Harlem’s Prima Ballerina, Misty Copeland Signs

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By Tod Roulette

My  ten-year-old goddaughter Lucy is all legs and arms. She sat on my lap at the Upper East Side Barnes and Noble on 86th Street this week waiting to see thirty-one-year old African-American prima ballerina Misty Copeland of the American Ballet Theater. Lucy has taken ballet lessons since the age of six.  She and her mother invited me to hear Copeland read from her new memoir.  Life in Motion: An Unlikely Ballerina (Touchstone Publishers, an imprint of Simon and Schuster) tells the story of her indomitable rise from poverty in San Pedro, California to the Metropolitan Opera House in New York City.

The evening’s event  began with Misty Copeland entering the room as eager young eyes followed her movement to the platform.  Some welled up with tears as their lithe gorgeous café au lait heroine took her seat. Coming from a previous interview, she wore a  blue lace top, jeans, and taupe four-inch leather pumps. Simply elegant, she wore her hair pulled tight atop her head.  Chloe Malle, Social Editor of Vogue Magazine, joined her to ask Copeland about auditioning as the only ballerina of color with 80 others for the American Ballet Theater.  They also discussed the memoir’s most sensational portion.  Coaxed by her teacher and mentor Cindy Bradley (with whom Copeland briefly lived), Copeland emancipated herself legally at age 17.  Her mother, divorced many times, could not financially support her six children, so Copeland knew much of instability and food insecurity in her young life.  But, her art kept her grounded.  Copeland stated March 11 during Women’s History Month that she knew she had a gift and was unwavering in her goal of dancing on a major stage.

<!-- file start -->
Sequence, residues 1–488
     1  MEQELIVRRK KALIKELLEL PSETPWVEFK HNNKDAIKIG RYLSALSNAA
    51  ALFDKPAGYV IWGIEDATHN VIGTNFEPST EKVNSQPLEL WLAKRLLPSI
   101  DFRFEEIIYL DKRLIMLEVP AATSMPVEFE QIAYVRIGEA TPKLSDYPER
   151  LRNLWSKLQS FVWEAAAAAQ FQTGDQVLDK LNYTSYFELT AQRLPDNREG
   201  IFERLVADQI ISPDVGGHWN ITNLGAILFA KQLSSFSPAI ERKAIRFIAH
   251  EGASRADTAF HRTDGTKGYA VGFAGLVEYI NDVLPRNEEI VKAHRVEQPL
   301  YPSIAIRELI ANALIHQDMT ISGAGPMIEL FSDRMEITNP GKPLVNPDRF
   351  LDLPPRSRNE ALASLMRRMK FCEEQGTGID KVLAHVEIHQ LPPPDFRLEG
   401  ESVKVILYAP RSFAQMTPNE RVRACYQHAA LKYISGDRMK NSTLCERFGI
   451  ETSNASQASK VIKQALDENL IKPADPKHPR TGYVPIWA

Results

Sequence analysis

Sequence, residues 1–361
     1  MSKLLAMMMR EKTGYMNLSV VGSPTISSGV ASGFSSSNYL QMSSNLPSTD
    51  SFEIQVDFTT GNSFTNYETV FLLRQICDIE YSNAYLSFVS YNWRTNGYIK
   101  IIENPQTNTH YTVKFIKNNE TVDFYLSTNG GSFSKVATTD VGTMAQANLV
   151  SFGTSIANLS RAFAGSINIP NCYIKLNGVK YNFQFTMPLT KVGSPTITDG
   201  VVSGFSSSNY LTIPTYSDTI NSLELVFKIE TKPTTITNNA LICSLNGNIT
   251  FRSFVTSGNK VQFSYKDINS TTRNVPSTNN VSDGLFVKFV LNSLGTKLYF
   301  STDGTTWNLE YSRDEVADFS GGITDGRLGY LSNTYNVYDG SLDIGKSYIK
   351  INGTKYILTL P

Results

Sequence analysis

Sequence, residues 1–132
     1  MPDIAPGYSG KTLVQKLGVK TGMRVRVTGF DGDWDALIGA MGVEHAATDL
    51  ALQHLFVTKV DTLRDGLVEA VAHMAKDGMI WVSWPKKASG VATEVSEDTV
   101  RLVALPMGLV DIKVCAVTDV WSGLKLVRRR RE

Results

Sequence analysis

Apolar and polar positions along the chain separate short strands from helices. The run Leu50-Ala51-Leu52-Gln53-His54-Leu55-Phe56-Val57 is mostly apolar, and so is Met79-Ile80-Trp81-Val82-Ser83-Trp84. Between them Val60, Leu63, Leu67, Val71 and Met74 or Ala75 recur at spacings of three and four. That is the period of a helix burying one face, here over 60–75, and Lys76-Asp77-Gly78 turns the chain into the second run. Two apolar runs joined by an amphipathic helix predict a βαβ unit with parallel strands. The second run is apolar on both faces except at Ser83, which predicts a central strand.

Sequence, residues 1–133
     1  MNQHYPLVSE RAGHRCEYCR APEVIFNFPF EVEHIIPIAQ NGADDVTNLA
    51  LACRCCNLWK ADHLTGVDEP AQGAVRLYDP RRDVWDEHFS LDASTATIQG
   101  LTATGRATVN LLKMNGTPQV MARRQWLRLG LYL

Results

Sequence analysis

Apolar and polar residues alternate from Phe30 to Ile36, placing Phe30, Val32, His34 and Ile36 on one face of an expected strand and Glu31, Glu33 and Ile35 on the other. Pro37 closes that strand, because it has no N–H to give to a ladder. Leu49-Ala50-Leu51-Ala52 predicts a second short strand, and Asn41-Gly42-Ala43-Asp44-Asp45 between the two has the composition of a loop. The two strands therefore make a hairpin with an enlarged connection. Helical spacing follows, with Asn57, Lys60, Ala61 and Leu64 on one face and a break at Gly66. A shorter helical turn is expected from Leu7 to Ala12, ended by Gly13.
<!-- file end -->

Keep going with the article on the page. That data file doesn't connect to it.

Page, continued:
As girls of color of every age asked how she kept her focus during the Q& A , Copeland continued to insist that all other ‘noise’ had to be shut out. As she auditioned and felt anything nearing insecurity arising in her, she steadily concentrated on her craft.  She also read books to learn about the history of African-Americans in dance.   Always Wear Joy:  My Mother Bold and Beautiful by Susan Fales-Hill recalls the life of Josephine Premice, a Haitian born dancer and actress nominated for a Tony Award for her work in the 1957 musical Jamaica with leading lady Lena Horne.  Copeland also lauded the dancers Raven Wilkinson, Paloma Herrera, and Gelsey Kirkland.   Copeland told her audience that she feels honored and heartened to have Wilkinson as a friend.   In 1955 Wilkinson was  the first African-American to receive a contract to dance full time with a major ballet company, the Ballet Russe de Monte Carlo.